A Courteous Contrararian

John 1:13

Written By: Jon - Jul• 02•12

I love to read the Bible. I start the first thing in the morning, while I wait for coffee to brew. There is something about my physical state in those first minutes that is conducive to a different take on Scripture.

I’ve heard that the groggy feeling we experience in the first minutes after sleep is symptomatic of a short period of high blood pressure as the body readjusts from a time of rest. I can feel that the neural paths within my brain haven’t yet aligned to begin my accustomed mode of thought. I am not yet thinking as I usually do.

This is a valuable time for me, because I can read a passage through a purer lens, unencumbered by the subtext of what I have been taught a passage means. Without the colorations of doctrine or tradition, there is more room for the Spirit to illuminate. It’s almost ironic that the Bible can come alive in a new way exactly because my whole brain is not yet firing on all cylinders. I am weaker so the Spirit is stronger.

Here’s an example of what I mean. It comes from the first chapter of John.

But to all who did receive him, who believed in his name, he gave the right to become children of God, who were born, not of blood nor of the will of the flesh nor of the will of man, but of God. – Jhn 1:12-13 ESV

We all know what it means when we read it. We are spiritually reborn as children of God. It is not a fleshly incident. When we are born-again, it is not of blood, like our first birth, it is of God.

One morning, I wondered about the middle of verse 13. It seemed an unnecessary  interjection, an expansion of the concept just explained. Without it, blood would have been contrasted with spirit just as well, and the work of God juxtaposed with the work of humanity. Why add the two additional phrases?

I think the phrases in question are there to show us something valuable: how God views human reproduction. He sees it as the will of the flesh or the will of man.

The will of the flesh is such poetic language. It is our hormones in high gear, testosterone and estrogen coursing through our veins until our better judgment takes a back seat. This sometimes leads to the Lover’s Lane conception, the fruit of the sins of our youth. This is David and Bathsheba, and perhaps even Amnon and Tamar. It is Isaac and Rebekah, meeting and marrying in short order. It is, for good or for bad, the passion and drive God has instilled in us, our instinct to go forth and multiply.

I originally thought of Amnon’s taking of Tamar as an example of the second phrase, the will of man. After all, she didn’t have a say in the matter. But to interpret the will of man in that way would show a low opinion of us, perhaps even lower than God meant to communicate. It would mean we were all conceived through lust or rape.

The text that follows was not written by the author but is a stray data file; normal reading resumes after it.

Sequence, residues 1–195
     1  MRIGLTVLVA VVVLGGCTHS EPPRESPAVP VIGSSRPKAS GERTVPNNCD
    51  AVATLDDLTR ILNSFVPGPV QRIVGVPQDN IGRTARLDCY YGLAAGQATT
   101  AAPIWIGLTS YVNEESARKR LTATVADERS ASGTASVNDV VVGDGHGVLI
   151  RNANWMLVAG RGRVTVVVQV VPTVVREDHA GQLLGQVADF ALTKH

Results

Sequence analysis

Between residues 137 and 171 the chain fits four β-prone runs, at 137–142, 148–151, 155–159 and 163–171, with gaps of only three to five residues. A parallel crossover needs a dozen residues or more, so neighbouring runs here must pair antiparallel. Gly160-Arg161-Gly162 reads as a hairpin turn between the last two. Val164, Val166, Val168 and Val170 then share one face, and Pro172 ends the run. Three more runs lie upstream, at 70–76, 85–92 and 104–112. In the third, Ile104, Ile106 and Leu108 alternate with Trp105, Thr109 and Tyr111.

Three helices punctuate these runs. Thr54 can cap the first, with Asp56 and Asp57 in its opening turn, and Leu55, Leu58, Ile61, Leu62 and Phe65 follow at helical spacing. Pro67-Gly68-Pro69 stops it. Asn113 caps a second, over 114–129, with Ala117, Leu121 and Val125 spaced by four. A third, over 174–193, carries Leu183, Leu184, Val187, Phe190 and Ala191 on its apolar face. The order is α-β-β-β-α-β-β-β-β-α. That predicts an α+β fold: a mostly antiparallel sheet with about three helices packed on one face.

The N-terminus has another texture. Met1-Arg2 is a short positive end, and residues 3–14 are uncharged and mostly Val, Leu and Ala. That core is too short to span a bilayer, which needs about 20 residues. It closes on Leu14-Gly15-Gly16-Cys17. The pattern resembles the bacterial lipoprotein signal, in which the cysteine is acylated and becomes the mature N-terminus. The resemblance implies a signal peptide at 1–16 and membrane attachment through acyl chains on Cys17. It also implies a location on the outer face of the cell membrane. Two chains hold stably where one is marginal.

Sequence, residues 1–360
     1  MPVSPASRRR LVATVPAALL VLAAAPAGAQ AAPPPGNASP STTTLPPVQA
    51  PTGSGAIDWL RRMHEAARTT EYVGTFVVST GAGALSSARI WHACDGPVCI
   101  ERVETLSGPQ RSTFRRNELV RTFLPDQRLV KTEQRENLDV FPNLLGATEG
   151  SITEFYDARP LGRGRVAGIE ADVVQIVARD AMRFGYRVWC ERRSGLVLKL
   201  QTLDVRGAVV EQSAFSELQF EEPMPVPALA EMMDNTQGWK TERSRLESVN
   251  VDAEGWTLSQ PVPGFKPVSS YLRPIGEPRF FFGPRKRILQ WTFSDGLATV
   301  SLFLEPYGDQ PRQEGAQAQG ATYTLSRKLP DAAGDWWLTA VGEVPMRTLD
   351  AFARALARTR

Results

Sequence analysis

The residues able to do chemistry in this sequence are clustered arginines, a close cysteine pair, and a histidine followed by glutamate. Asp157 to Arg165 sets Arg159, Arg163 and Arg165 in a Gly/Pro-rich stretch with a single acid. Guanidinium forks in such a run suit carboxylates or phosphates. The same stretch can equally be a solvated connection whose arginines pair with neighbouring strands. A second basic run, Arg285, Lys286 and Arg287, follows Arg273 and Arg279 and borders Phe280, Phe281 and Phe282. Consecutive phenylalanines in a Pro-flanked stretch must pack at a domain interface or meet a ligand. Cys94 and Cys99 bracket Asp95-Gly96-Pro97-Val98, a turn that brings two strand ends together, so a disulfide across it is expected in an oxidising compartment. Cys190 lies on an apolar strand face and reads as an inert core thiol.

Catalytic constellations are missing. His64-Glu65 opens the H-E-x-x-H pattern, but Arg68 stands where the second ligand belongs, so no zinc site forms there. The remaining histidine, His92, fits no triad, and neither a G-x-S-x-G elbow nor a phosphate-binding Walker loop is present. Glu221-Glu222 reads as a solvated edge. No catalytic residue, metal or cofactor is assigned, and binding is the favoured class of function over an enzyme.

Now I think the will of man means something different. It can be the will of a man or the will of a woman, but it most likely means the will of both. It refers to the planned pregnancy. Often a child is conceived not as a product of passion, but out of a desire for a child. When we decide it is time, the woman discontinues birth control and the man conserves his potency, waiting for a period of maximum fertility. The desire for the child takes precedence over the desire for pure pleasure.

Evolutionary biologists would explain this second option as a matter of blood as well, or at least as a matter of our DNA. They hypothesize that is not a hormonal reaction so much as a desire to ensure the continuation of the species. The will of humanity as encoded in the depths of our bodies. If this view is even somewhat valid, not of blood becomes the headline and the will of man and the will of the flesh become subcategories.The categorization fits reality. Natural reproduction now is either planned or unplanned.

The interesting part of this meditation, to me, is how it would modify our view of who does what in regard to a precious soul brought to life. Genesis seems to teach that all children are a result of God’s planning. Isaac was a supernatural intervention from God. Sarah was barren and the prototype for a women of God. She was the first in a long line of barren women. God opened Leah’s womb. Rachel was barren. Samuel’s mother was barren. People were begatting all over the place, but it wasn’t so easy for God’s chosen line of humanity. It feels like God decided who would have what child and when. This is a far cry from the will of the flesh or the will of man. This is the will of God.

But there is a way to reconcile the view across the Testaments. We can view the barrenness of our women of faith as a withholding of the natural order, God sovereignly trumping the will of the flesh or of man, and doing so for a specific purpose. What could such a purpose be? Our stock answer is to bring himself glory. This could be true without being the Lord’s primary purpose. Everything of God brings God glory.

Perhaps God’s primary purpose for an extended period of barrenness was to instill a greater maturity in the parents. We know God brings us to maturity through perseverance, and maybe greater maturity leads to more godly offspring. I read once that the majority of geniuses are born to fathers older than 50. We think of genius as genetic, and maybe a fluke of nature, but the plus-fifty factor points to nurture component as well.

It is comforting to believe this might be a consideration. Now, the barrenness these women suffered through was not God making an arbitrary point, but him molding and shaping the children he loved through an advanced maturity he brought about in the parents he loved.

This idea, once the coffee had kicked in, led to all sorts of speculation about childhood in early Genesis, but that’s a meditation for another day.




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